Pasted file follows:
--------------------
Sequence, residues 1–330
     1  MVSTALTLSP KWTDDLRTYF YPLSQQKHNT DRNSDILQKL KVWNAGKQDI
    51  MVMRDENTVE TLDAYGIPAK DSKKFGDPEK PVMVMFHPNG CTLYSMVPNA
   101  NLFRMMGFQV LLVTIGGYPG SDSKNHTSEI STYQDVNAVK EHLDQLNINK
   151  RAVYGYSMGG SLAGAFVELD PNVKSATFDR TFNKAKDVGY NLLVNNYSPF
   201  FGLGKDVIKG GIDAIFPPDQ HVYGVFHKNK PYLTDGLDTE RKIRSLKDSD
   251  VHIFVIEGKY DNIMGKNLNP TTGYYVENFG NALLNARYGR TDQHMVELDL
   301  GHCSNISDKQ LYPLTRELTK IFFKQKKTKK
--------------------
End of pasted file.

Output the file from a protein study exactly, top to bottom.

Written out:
Sequence, residues 1–330
     1  MVSTALTLSP KWTDDLRTYF YPLSQQKHNT DRNSDILQKL KVWNAGKQDI
    51  MVMRDENTVE TLDAYGIPAK DSKKFGDPEK PVMVMFHPNG CTLYSMVPNA
   101  NLFRMMGFQV LLVTIGGYPG SDSKNHTSEI STYQDVNAVK EHLDQLNINK
   151  RAVYGYSMGG SLAGAFVELD PNVKSATFDR TFNKAKDVGY NLLVNNYSPF
   201  FGLGKDVIKG GIDAIFPPDQ HVYGVFHKNK PYLTDGLDTE RKIRSLKDSD
   251  VHIFVIEGKY DNIMGKNLNP TTGYYVENFG NALLNARYGR TDQHMVELDL
   301  GHCSNISDKQ LYPLTRELTK IFFKQKKTKK